Joey Hishon’s first NHL goal—scored in the Colorado Avalanche’s 3-2 win over the Nashville Predators on Tuesday night—meant a lot more than just a framed puck with the date on it to hang over his fireplace.
Plagued by multiple injuries throughout his young career with the Owen Sound Attack of the Ontario Hockey League, and several more with the Colorado Avalanche’s American Hockey League affiliate, the Lake Erie Monsters, Hishon was finally able to achieve what he has worked so hard for.
“We know he has put a lot of hard work in, and obviously he has had a few rough years with injuries and whatnot,” said Avs captain Gabriel Landeskog, who splashed a full bottle of water in Hishon’s face as he came by the bench after his goal to share ‘knucks’ with his teammates. “But he's worked hard, and I think for every game he plays he is getting more and more comfortable, making plays out there and tonight, a great goal."
Hishon’s first NHL tally was a long-awaited reward for the young hockey player who has suffered at least one ailment per season since his career in the OHL began at age 16. In contrast to how that sounds, the Stratford, Ontario native’s career stats would never depict his struggles.
Hishon played with Owen Sound from 2007-2011 and had 110 goals and 255 points in 214 games with the Attack. He skated in 63 contests during his first OHL season and led all the rookies in goals (20) and assists (27). The next year, he advanced to the team-lead with 81 points (37 goals, 44 assists) and was voted “Best Playmaker” and “Best Stickhandler” by league coaches. In the 2010-11 campaign, he was named to the OHL’s First All-Star Team after recording 87 points (37 goals, 50 assists) in 50 games.
One would never know from simply looking at his impressive stats and honorable nominations that Hishon had roughed through numerous setbacks that challenged his physical and mental strength every day.
He overcame a hip-flexor ailment, a fractured foot and a knee sprain that sidelined him for half of the 2009-10 season, a hand injury endured during Avalanche training camp in 2010-11 causing him to miss the first six games of the OHL season and one of the worst and most difficult injuries an athlete can face: a severe concussion.
His concussion was the result of a forceful elbow to his head by Brayden McNabb, who was playing for the Kootenay Ice at the time, during the Attack’s first game of the Memorial Cup in May 2011. Hishon’s first concussion was the beginning of a lengthy recovery period for the young hockey player.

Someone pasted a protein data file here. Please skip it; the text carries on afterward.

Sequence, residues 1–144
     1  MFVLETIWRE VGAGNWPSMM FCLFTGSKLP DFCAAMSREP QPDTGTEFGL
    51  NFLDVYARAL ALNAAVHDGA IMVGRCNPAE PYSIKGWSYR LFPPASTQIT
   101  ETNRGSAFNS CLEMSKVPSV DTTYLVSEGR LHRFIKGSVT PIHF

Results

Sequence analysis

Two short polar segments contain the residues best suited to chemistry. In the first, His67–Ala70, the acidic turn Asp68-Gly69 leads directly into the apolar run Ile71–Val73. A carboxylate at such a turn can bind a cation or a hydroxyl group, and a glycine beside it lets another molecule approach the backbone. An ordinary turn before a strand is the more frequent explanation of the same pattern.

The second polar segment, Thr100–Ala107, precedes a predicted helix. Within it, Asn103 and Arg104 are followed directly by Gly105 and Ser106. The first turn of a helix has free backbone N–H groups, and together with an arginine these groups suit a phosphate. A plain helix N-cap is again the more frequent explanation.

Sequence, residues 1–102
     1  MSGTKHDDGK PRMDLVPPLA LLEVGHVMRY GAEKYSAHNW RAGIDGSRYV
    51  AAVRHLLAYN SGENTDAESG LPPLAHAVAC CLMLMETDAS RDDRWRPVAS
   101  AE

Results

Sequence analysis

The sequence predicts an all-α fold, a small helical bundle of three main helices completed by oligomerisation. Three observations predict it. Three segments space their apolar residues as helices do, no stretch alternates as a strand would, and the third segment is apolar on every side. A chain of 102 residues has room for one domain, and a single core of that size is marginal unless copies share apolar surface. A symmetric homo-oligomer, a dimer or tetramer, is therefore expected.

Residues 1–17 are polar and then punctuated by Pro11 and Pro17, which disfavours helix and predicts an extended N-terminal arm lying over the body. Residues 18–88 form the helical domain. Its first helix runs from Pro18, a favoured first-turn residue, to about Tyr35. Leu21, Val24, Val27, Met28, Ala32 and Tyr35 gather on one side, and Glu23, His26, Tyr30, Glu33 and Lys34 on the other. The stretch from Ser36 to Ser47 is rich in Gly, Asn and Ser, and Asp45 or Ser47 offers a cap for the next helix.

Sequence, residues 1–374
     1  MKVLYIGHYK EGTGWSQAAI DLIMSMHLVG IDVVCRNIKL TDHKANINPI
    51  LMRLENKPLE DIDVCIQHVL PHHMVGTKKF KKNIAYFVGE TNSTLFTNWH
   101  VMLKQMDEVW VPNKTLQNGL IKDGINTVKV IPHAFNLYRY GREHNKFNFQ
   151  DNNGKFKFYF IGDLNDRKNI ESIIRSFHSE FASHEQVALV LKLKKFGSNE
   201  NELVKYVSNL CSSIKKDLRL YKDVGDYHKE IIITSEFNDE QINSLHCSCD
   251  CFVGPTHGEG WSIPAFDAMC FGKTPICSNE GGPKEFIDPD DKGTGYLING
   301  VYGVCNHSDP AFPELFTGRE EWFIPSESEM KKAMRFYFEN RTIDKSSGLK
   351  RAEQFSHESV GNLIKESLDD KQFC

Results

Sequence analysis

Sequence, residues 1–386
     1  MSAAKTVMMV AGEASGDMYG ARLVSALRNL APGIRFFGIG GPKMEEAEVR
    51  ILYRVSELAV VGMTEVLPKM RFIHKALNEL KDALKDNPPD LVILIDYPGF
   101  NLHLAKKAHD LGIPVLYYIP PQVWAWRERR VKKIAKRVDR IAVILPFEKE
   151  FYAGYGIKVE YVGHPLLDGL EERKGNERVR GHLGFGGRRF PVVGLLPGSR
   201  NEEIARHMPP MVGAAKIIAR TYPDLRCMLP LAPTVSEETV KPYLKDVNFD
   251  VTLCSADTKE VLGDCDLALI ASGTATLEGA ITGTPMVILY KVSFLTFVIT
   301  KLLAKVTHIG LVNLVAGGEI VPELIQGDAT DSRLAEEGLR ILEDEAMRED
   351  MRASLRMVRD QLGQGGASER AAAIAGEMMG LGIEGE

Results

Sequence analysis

For nearly 22 months after the incident, he battled with intense neck pain, constant headaches and unpredictable dizziness—from May 2011 to March 2013—while McNabb served only a one game suspension. Hishon’s symptoms were so extreme that he was limited from even stepping foot in a gym just to be able to keep his fitness up to speed for 10 months.
The grim injury paused his life in hockey for a full season, but he was still looking forward to playing his favorite sport. He had signed an entry-level deal with the Avalanche on March 14, just two months before the incident.
After his two-year recovery, Hishon played in nine games for the Monsters in 2012-13, registering a goal and five assists during his first AHL appearance.
But another string of bad luck with injuries would soon follow.
During the 2013-14 season, he missed 26 games due to several maladies including a groin strain, elbow ailment and various other injuries. Yet, he still managed 24 points (10 goals, 14 assists) in 50 games for Lake Erie that season.
Continuing his resilience, he made his NHL debut on April 24, 2014 with the Colorado Avalanche during Game 4 of the Stanley Cup Playoffs against the Minnesota Wild. Hishon became the first player in franchise history to make his NHL debut in the postseason since Randy Moller in 1981-82, and the only player in the history of the club to ever do it coming from another professional league.
The 23-year-old had 14 goals and 18 assists in 50 games for the Monsters this season before being called up to Colorado on March 2. After his first practice with Avalanche on March 3, he reflected on the condition of his health.
"This summer, I really focused on my nutrition and training a lot more than in any other year, and it's really paid off," said Hishon. "I've had my best year in a pro season, health wise. I think it definitely has stuff to do with my physical strength and whatnot. Playing against older guys, everyone is so much stronger and you have to stay on top of that."
Hishon has played in 11 games in a Colorado jersey since then, and scored the game-winning goal against Nashville last night.
"I saw it go in and then I completely blacked out. I don't know if it had sunk in. I don't know if it has sunk in yet. My adrenaline was pumping for the rest of the game there,” Hishon said of the play. “I was trying not to smile. We got the win now so I'm allowed to smile I think."
No matter the injuries or challenges he has faced, Hishon has found the strength to keep pushing on. Tuesday night’s accomplishment was purely symbolic of his persistence and dedication to his love of hockey, and he doesn’t plan on slowing down anytime soon.
"After everything I went through the last few years, I think it means even more to me,” Hishon said after the victory over the Predators. “It was a pretty special moment.
“To finally get that one, it’s a great feeling. I have to build on it.”